The Post Register sent every Idaho legislator a four-question survey designed to measure attitudes about climate change — whether it is happening, why it is happening and how much of a threat it represents.
Only nine of the state’s 105 legislators responded, and four of those were Democrats. Since 80 percent of seats in the Legislature are held by Republicans, the survey wasn’t even close to representative.
So the survey didn’t have much value for measuring attitudes of the Legislature as a whole — which probably aren’t much of a secret — but it did produce some interesting responses.
Rep. Linden Bateman, R-Idaho Falls, is a veteran conservative lawmaker. He served 10 years in the Legislature during the 1970s and ’80s, and returned for a second stint in 2010.
Bateman holds to the scientific consensus on climate change.
“I tend to agree with the broad consensus in the scientific community that human activities are a major factor contributing toward global warming,” he wrote in an email, though he said it is difficult to assess how serious the problem is.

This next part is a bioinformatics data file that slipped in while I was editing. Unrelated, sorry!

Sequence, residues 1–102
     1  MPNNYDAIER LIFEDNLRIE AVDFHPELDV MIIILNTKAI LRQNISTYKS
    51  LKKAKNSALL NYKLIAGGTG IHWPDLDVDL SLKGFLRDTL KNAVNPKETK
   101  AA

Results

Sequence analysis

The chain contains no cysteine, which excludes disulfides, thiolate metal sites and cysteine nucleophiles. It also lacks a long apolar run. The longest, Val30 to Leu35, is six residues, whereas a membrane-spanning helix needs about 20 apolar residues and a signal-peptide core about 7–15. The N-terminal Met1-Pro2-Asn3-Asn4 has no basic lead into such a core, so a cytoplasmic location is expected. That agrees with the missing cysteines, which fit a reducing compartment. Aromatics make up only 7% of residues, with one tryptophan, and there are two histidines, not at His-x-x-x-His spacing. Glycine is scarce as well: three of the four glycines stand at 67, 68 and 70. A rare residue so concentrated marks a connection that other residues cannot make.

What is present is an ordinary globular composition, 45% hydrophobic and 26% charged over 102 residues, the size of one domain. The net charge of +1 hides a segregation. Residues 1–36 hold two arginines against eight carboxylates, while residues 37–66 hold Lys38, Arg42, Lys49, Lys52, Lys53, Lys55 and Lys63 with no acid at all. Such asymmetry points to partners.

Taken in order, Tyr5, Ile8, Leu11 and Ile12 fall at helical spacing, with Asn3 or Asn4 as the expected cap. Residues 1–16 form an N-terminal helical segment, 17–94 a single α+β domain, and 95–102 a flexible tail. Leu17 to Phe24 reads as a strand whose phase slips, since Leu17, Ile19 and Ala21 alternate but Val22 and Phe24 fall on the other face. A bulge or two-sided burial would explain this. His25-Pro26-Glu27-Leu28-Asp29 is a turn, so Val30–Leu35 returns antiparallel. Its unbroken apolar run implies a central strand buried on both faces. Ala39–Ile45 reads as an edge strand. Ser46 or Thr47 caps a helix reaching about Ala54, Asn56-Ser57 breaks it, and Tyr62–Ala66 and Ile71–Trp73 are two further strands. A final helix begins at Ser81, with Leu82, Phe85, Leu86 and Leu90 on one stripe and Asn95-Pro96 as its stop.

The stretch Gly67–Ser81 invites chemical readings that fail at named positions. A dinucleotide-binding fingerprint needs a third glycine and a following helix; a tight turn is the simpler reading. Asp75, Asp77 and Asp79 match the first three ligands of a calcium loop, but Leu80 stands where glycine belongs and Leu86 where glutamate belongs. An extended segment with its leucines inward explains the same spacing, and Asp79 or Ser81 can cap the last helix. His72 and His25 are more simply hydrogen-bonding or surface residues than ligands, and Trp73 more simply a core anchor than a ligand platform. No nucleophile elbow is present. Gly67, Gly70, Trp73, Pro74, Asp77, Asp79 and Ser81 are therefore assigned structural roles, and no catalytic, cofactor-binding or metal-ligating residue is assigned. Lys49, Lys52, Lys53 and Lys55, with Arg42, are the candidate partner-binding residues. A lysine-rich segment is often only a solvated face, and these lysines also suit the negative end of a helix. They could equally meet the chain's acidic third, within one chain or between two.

Bateman referenced a 2011 letter from 18 Brigham Young University scientists to the Utah Public Utilities and Technology Interim Committee, which had attacked a University of Utah climatologist after he presented them with the consensus view on climate change.
The BYU scientists, who said they had varying political views but supported sound science, charged that Utah legislators on the committee had given inordinate weight to the “fringe positions” of skeptics while ignoring the consensus that global warming is being helped along by human activity.
But Bateman questioned the wisdom of surveying lawmakers about the causes of climate change.
“When we’re sick we go to a doctor, not an architect,” he wrote. “When we need our teeth fixed we go to a dentist and not a lawyer. If we have questions about global warming, it might be wiser to listen to majority opinions among the scientific experts rather than to some of our politicians.”